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Who has found community… & what form of it?

 
pollinator
Posts: 573
Location: Western Canadian mtn valley, zone 6b, 750mm (30") precip
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I’m curious about who here has found community, in a country (rural, woodsy, or coastal) setting, that is functional and supportive for them.  I’m not limiting the idea behind this thread to intentional community.  Looser forms of association, cooperation & belongingness are equally interesting, I think.

Many people dream of it and strive for it — for some, the dream becomes a reality.

How does it work where you are?  Is it social, practical, and/or?  How do you help & nurture each other?  Do you have any structured forms of mutuality?  Stuff like that.
 
pollinator
Posts: 11802
Location: Central Texas USA Latitude 30 Zone 8
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All of our immediate neighbors are friendly and supportive.  We share food, tools, and labor.  Most people in this area seem friendly and helpful.  We avoid discussion of sensitive topics (politics and religion) and so there is no apparent friction even though we are extreme lefty tree-hugging agnostics and most of our neighbors are conservative.

The best way we have found to meet people in our area has been to walk our dog on the road.
 
pollinator
Posts: 2455
Location: Zone 5 Wyoming
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I introduced myself to all the neighbors. Now we call each other and have a nice Facebook group where we share. It's become a nice community.
 
Posts: 203
Location: NNSW Australia
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I live in a rural area where most folks are progressive.
Nearly everyone is familiar with permaculture (not far from the original Permaculture Research Institute) and shares the literature, but most are content with a kitchen garden and some citrus.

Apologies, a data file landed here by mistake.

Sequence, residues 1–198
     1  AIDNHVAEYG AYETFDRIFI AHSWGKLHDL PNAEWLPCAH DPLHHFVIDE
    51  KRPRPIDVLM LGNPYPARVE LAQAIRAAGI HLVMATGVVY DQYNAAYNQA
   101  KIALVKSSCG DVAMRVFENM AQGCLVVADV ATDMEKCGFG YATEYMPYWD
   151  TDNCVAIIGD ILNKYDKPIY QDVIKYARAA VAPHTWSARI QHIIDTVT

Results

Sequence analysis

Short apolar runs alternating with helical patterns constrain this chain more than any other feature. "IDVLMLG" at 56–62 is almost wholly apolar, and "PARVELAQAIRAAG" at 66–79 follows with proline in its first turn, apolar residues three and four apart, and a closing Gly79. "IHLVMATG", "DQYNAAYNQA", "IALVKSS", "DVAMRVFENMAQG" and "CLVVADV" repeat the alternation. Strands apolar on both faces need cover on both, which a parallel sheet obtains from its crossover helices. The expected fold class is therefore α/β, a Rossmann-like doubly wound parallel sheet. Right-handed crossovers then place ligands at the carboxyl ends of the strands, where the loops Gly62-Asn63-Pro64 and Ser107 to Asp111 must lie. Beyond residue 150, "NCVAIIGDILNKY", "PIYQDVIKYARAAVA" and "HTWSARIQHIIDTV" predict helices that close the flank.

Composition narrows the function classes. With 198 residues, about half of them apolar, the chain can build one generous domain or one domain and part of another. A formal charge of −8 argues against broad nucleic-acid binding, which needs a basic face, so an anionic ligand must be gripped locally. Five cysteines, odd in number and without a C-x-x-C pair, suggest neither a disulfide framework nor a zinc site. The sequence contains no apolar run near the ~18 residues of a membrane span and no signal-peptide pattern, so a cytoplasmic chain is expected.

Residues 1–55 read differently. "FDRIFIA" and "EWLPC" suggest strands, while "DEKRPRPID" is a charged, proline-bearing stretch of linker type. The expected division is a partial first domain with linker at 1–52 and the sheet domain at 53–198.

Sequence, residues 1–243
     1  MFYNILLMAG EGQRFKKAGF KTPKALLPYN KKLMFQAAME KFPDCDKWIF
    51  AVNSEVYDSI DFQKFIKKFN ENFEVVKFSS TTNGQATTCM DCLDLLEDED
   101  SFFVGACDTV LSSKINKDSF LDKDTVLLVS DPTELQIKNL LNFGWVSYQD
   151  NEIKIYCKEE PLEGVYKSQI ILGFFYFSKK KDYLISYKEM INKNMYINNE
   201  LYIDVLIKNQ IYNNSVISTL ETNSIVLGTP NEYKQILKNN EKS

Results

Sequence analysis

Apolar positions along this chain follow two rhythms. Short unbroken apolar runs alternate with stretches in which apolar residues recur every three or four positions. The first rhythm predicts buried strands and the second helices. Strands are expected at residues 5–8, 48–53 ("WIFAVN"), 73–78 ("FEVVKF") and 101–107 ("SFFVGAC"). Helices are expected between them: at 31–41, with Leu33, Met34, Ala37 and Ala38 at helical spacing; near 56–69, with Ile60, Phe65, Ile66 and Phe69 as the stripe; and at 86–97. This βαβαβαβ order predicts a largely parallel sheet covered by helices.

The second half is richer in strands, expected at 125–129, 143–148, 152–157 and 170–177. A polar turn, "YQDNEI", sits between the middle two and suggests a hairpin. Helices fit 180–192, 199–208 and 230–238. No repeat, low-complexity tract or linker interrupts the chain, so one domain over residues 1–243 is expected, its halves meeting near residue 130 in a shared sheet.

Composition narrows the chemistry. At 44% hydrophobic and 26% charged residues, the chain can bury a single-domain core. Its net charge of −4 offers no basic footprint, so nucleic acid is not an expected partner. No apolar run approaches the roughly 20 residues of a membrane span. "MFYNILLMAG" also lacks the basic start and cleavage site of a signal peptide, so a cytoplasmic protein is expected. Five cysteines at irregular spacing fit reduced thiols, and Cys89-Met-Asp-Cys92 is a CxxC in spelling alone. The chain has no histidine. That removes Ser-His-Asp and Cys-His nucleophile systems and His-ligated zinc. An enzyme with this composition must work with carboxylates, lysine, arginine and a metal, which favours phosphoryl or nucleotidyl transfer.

The village has a single shop and community hall.
Those who are communally minded congregate at the shop daily (ostensibly for coffee), where we give away seeds, plants and crates full of produce.
We also keep a table for free second-hand goods and a rotating library of books and movies.
People come to pick up their mail and are roped into helping out at the hall, where we have monthly music and weekly affordable meals-to-go.
Community gardens are in the local school, as most of the public land is subject to toxic railway runoff.

The next village over the hills (where I used to live) has a tight-knit community that celebrates and supports a very artistic and alternative population.
They are very politically active and provide community oversight of their natural resources.
When logging or water extraction businesses don't follow regulations, the community collectively walks in front of the trucks and refuse to let them pass.
They take notes and get photo evidence of wrongdoing and forward it to all the relevant authorities and the local environmental centers for independent prosecution.

Both communities mobilized against fracking when exploration licenses were granted a few years ago.
Information nights held, conversations had.
Every road was separately surveyed by the community for its opposition and each now bears signage 'Lock the Gate - no coal seam gas'.
Technically, we had no right to refuse entry.
But technically, fracking workers have no right to remove a padlock.

There's many dedicated protesters here and a local group of activist grandmothers who lock-on to excavators and gates in other towns where fracking was going ahead and they knit scarves while riot police remove them at the behest of governments and corporations.
One fracking operation was stopped in its tracks. The media started to question the 'social license' of mining companies and other towns in other states realized they could say No and ask for the help of these protest groups.
The community was strengthened by the effectiveness of its civil disobedience and the organizational infrastructure (FB groups, mailing lists, phone lists) has been transferable to new issues that require community opposition and dissent.

Such community feels like a last bastion against environmental destruction and I cherish it.
 
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